Mad Max: Fury Road, is just demented.
In a good way.
George Miller returns to his 1979 character, essentially re-imagining him, this time played by Tom Hardy. The film is very high concpet. Max is chased through the desert with Imperator Furiosa (Charlize Theron) and a group of women the crazed leader of the “War Boys” uses for breeding that Furiosa has rescued.
An opening act sees Max captured and then used as a “blood bag” for an unrecognisable Nicholas Hoult’s Nux. But Max is soon free and we then simply get one massive chase sequence.
But that really does the film a disservice. The action is clearly done “in camera” as much as possible, with CGI souping it up a bit. It’s obvious because there’s a lack of physicality to the massive destruction sequences in your run-of-the-mill superhero fare. However much programmers try to build in a bit of randomness to the physics models of their worlds, it never quite feels real. It’s hard to pin down why – and it’s not simply that the setting is unbelievable (Mad Max’s setting is pretty unbelievable).
The first Mad Max film I saw was actually the third in the series, Mad Max Beyond Thunderdome and I remember trying to build some models at the time. I used Airfix tank model parts, and built them onto Corgi London buses, applied spray cans of sand coloured paint, and voila!
In Fury Road, we have a converted oil tanker. Furiosa is supposed to be doing a run to collect gas, but she scarpers, looking for the almost mythical Green Place.
Cue mayhem, with a production design on steroids. Best of all has to be the vehicle carrying four drummers and guitar player hung in front of a car mounted rack of speakers and giving the whole thing a musical accompaniment.
In fact, the film is edited to its music gorgeously. The action is simply told, and expertly handled. Lesser directors find the audience losing the plot a little and struggling to keep up with what’s happening. Not so here, where we always know where we are.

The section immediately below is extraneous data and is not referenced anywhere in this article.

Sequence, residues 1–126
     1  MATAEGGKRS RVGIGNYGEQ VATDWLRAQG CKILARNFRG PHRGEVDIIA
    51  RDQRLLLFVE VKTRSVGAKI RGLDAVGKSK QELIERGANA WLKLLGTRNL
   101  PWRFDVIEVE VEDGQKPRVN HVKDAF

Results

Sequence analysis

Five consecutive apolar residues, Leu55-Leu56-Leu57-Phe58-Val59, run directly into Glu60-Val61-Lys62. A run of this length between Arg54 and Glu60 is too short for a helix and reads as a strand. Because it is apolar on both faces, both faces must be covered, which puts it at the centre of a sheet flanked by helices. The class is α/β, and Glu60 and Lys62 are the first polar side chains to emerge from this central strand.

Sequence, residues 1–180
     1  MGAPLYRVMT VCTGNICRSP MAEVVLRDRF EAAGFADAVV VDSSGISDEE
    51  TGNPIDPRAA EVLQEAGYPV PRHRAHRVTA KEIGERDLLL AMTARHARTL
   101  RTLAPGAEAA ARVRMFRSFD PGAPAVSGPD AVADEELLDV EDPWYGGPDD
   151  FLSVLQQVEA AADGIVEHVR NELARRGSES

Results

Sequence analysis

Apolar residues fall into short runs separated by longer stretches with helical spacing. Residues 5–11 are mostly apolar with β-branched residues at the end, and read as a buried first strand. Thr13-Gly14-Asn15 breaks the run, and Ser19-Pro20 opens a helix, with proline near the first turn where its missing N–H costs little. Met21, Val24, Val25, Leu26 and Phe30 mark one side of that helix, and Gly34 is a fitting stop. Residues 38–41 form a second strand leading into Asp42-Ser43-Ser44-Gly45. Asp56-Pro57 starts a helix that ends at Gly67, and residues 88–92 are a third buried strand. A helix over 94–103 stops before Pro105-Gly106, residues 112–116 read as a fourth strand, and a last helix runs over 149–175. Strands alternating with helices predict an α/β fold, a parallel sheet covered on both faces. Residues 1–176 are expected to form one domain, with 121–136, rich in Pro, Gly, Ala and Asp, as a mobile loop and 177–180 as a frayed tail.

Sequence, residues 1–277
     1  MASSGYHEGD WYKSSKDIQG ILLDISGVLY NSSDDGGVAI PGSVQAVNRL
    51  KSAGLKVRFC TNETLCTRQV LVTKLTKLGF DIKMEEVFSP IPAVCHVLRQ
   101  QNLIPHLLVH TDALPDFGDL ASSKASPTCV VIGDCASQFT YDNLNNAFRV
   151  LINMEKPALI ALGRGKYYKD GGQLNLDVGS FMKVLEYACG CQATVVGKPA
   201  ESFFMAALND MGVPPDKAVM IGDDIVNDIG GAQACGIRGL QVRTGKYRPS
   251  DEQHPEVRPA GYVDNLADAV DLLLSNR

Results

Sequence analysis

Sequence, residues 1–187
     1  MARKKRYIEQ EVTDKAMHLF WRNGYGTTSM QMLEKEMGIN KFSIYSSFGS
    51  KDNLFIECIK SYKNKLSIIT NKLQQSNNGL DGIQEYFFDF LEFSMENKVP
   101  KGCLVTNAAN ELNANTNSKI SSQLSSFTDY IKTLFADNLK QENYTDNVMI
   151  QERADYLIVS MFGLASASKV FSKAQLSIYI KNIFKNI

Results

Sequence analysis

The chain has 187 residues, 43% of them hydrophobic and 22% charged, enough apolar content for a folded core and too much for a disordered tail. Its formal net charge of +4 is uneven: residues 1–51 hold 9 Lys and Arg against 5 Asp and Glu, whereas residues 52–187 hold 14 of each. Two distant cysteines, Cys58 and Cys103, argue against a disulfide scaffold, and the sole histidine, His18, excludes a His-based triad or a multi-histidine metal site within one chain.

Overall, a pumped-up B-movie with an A-movie budget. I hope it does well.
Tomorrowland – or more properly in Europe, Disney’s Tomorrowland: A World Beyond, for copyright reasons – is a new film from Brad Bird. It opens with George Clooney’s Frank Walker trying to get us up to speed, interrupted by Britt Robertson’s Casey. And that’s because it’s a complicated story.
As a child, Walker had gone to the 1954 World’s Fair in New York to present his rocket pack invention to a sneering Hugh Laurie. A young girl his own age, Athena (played by a wonderful Raffey Cassidy), gives him a pin badge and says that he should secretly follow. He goes through a water ride and gets transported to… well… somewhere else.
The vision of the future that we see is a wonderful world of jet packs, hover trains, vertical swimming pools and space travel. The production designers (again) went mad, and in a delightful way.
Meanwhile in a present day, Casey is trying to save her father’s job, and the NASA space program, by delaying the destruction of a Florida launch pad. She’s caught and spends a night in the cells. On coming out she finds a strange pin-badge. Touching it takes her to another dimension and a fabulous space city – but only for a limited time.
What then follows is a dimension hopping race around the US, as Clooney’s now adult Walker reluctantly gets involved with Casey, and the still child-like Athena.
There’s a great action set-piece in a Sci-Fi collectors’ shop in Houston, and we have evil smiling androids, and all sorts of technological do-das.
At times the film reminds you of The Wizard of Oz, and at others of Home Alone. The cast are all excellent, especially the younger cast members who have quite a job on their hands.
If the story sounds complicated… well it is. But then if the audience can understand Doctor Who then they’ll understand this. I’m not quite sure I bought into the film’s overall ethos, but it has its heart in the right place. And it’s a smart film, which is to be applauded.
I must admit that it wasn’t until afterwards at a Q&A, that I realised that Tomorrowland is an actual Disney theme park ride (I’ve never been and have no desire to ever go), otherwise I’d have said that it was nice to have a film that wasn’t based on a franchise. Whether this becomes one is another question. Good half-term fun for those not quite old enough to see Mad Max.